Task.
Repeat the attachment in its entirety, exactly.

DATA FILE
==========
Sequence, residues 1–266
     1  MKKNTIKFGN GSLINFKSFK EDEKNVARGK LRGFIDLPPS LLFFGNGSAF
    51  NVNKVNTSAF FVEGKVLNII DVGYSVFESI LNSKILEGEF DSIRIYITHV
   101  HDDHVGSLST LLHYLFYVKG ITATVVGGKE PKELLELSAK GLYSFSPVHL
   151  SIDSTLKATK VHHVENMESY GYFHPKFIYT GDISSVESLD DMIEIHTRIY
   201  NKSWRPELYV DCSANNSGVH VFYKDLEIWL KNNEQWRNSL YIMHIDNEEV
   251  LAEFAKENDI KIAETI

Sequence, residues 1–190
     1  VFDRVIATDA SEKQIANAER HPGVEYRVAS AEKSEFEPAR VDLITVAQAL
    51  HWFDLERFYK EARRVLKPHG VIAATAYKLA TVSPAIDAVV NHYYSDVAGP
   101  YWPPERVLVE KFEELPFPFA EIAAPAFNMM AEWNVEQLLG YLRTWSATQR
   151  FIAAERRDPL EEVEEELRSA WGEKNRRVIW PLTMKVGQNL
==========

Sequence, residues 1–266
     1  MKKNTIKFGN GSLINFKSFK EDEKNVARGK LRGFIDLPPS LLFFGNGSAF
    51  NVNKVNTSAF FVEGKVLNII DVGYSVFESI LNSKILEGEF DSIRIYITHV
   101  HDDHVGSLST LLHYLFYVKG ITATVVGGKE PKELLELSAK GLYSFSPVHL
   151  SIDSTLKATK VHHVENMESY GYFHPKFIYT GDISSVESLD DMIEIHTRIY
   201  NKSWRPELYV DCSANNSGVH VFYKDLEIWL KNNEQWRNSL YIMHIDNEEV
   251  LAEFAKENDI KIAETI

Sequence, residues 1–190
     1  VFDRVIATDA SEKQIANAER HPGVEYRVAS AEKSEFEPAR VDLITVAQAL
    51  HWFDLERFYK EARRVLKPHG VIAATAYKLA TVSPAIDAVV NHYYSDVAGP
   101  YWPPERVLVE KFEELPFPFA EIAAPAFNMM AEWNVEQLLG YLRTWSATQR
   151  FIAAERRDPL EEVEEELRSA WGEKNRRVIW PLTMKVGQNL